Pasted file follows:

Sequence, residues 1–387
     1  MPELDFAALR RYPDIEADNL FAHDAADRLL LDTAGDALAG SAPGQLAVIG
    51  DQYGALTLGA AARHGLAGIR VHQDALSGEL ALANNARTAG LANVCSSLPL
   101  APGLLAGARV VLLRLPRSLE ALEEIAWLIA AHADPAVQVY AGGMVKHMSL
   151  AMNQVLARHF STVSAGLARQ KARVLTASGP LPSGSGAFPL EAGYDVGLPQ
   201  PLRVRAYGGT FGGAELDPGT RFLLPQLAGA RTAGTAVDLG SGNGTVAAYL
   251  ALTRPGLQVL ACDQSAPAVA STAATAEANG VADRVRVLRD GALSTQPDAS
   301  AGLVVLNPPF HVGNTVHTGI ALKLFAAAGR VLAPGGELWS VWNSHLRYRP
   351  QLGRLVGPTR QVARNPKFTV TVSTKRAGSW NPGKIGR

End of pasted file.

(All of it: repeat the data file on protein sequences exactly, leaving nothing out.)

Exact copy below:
Sequence, residues 1–387
     1  MPELDFAALR RYPDIEADNL FAHDAADRLL LDTAGDALAG SAPGQLAVIG
    51  DQYGALTLGA AARHGLAGIR VHQDALSGEL ALANNARTAG LANVCSSLPL
   101  APGLLAGARV VLLRLPRSLE ALEEIAWLIA AHADPAVQVY AGGMVKHMSL
   151  AMNQVLARHF STVSAGLARQ KARVLTASGP LPSGSGAFPL EAGYDVGLPQ
   201  PLRVRAYGGT FGGAELDPGT RFLLPQLAGA RTAGTAVDLG SGNGTVAAYL
   251  ALTRPGLQVL ACDQSAPAVA STAATAEANG VADRVRVLRD GALSTQPDAS
   301  AGLVVLNPPF HVGNTVHTGI ALKLFAAAGR VLAPGGELWS VWNSHLRYRP
   351  QLGRLVGPTR QVARNPKFTV TVSTKRAGSW NPGKIGR